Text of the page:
Review: “Bubba The Redneck Werewolf” Potential Cult Classic
By J. Carlos Menjivar
Bubba the Redneck Werewolf— based on the indie comic book of the same name by creator Mitch Hyman–is the newest film from director Brendan Jackson Rogers and scribe Stephen Biro. If you’re wondering what the film is about, then avert your attention towards the film’s bodacious title, not only does it capture what the film is about, but it prepares you for its comedic and off-the-wall tone.
Bubba (Chris Stephens) is a hapless, but well intended employee at Barkham Asylum Dawg Pound, tending after dogs with the utmost love and care. Although his interactions with canines are gleeful, despite smelling like dog shit, his interactions with human beings are quite different. He’s not very “manly” according to some people of Cracker County and he’s rather bumbling. Even his attractive girlfriend Bobbie Jo (Malone Thomas) doesn’t have much respect for Bubba. He catches her cheating with another man and there’s nothing Bubba can do about it (her new paramour is really tough and muscular).
But all that is about to change for Bubba as he vies for his gal and the chance to be the person he needs to be to get Bobbie Jo back. At the local watering hole, where broken dreams dwell, the devil (played by comics creator Mitch Hyman) makes his presence known, and brings some “tranquility” to Bubba’s dilemma. Obviously, forging a contract with the devil comes with great repercussions and consequences– like relinquishing one’s soul– and although Bubba is now a full fledge werewolf (Bubba is played now by Fred Lass) this isn’t what he bargained for. However, Bubba makes the best of the situation realizing that there are great benefits to his new lycanthropic look. Now Bubba has inherited the task of saving the town from the devil and beat him at his own game.
The film offers two great performances from Malone Thomas as Bubba’s girlfriend and from Mitch Hyman who is devilishly delightful as the devil incarnate bringing charm and comic destruction with his performance. Beyond Hyman and Thomas, the film is filled with funny bits from its supporting cast, which includes bartender Jamie Sue (Sara Humbert), the Gypsy Fortune Teller (Gail Fleming), and Drunk Cletus (Gary Norris). A notion of the film that I admire, is the fact that the citizens of Cracker County are so accepting of Bubba the Werewolf, barely flinching at his furry appearance as if it were something normal.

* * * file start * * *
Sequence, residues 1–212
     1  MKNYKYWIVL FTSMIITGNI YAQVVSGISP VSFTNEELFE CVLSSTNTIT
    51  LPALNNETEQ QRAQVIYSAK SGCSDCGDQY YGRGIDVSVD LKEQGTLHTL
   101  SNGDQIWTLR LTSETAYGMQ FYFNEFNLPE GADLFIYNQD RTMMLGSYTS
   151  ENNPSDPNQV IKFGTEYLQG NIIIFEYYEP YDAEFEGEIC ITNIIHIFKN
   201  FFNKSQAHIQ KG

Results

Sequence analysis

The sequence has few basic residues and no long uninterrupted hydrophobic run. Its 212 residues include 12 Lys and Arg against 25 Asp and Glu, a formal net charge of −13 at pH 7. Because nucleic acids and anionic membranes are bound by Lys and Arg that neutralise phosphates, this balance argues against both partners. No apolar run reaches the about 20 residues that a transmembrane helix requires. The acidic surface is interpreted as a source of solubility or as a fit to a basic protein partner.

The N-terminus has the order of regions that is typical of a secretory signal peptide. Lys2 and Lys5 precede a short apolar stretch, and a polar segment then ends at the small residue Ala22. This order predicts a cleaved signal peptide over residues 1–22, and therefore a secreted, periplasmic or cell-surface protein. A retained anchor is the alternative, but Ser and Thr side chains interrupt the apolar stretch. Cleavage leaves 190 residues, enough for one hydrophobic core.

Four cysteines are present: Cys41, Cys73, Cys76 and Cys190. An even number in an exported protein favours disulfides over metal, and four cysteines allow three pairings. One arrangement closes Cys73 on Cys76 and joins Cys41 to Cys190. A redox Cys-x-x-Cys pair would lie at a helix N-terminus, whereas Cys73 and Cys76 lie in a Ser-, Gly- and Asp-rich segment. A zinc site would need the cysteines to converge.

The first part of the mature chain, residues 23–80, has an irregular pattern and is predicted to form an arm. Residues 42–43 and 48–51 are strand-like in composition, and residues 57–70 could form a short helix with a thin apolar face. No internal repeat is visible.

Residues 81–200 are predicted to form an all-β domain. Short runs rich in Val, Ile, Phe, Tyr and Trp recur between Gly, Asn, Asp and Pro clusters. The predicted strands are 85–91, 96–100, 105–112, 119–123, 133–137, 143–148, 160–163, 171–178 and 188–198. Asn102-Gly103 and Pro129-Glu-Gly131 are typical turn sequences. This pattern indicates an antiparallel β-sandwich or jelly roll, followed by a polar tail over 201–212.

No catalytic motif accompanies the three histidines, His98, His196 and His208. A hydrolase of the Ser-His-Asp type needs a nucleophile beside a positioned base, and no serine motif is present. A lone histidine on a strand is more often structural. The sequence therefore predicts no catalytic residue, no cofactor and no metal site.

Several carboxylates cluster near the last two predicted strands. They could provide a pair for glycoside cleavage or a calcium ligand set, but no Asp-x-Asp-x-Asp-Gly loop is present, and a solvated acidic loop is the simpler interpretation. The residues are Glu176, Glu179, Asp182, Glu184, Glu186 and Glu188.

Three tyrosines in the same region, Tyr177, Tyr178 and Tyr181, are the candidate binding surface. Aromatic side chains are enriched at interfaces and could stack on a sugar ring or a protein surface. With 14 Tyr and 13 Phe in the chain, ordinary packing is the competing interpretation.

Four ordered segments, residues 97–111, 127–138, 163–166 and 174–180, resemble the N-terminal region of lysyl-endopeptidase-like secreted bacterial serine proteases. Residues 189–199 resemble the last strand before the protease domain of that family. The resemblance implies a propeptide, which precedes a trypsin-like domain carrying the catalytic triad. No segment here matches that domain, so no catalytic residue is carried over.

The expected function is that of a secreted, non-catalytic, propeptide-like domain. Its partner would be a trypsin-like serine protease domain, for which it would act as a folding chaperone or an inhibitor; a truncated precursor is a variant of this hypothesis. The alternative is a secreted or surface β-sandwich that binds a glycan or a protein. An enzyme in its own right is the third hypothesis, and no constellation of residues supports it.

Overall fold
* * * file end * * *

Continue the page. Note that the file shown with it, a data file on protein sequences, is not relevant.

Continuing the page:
Bubba the Redneck Werewolf is a silly tongue-in-cheek comedy that constantly winks at its audience with its ridiculous and often funny premise and gags. The devil wreaks havoc across Cracker County with the clueless denizens giving up their soul for maligned desires that go terribly awry, like the one guy who wants to be Batman, but is instead left to live with a bat through his skull. There are enough comically bloody moments in the film as well, for the bloodhounds out there, featuring hilarious moments of gore. Bubba the Redneck Werewolf is nonstop fun and enjoyable B-movie shlock that is seething with cult status potential.
The film features artwork from the comic books at the end credits, which looks amazing, and has me intrigued with the comics. You can check out some of this artwork on their official website at http://www.bubbatheredneckwerewolf.com/bubba-comics.html to learn more about Mitch Hyman and the talented artists behind the comic.
Keep The Fear Alive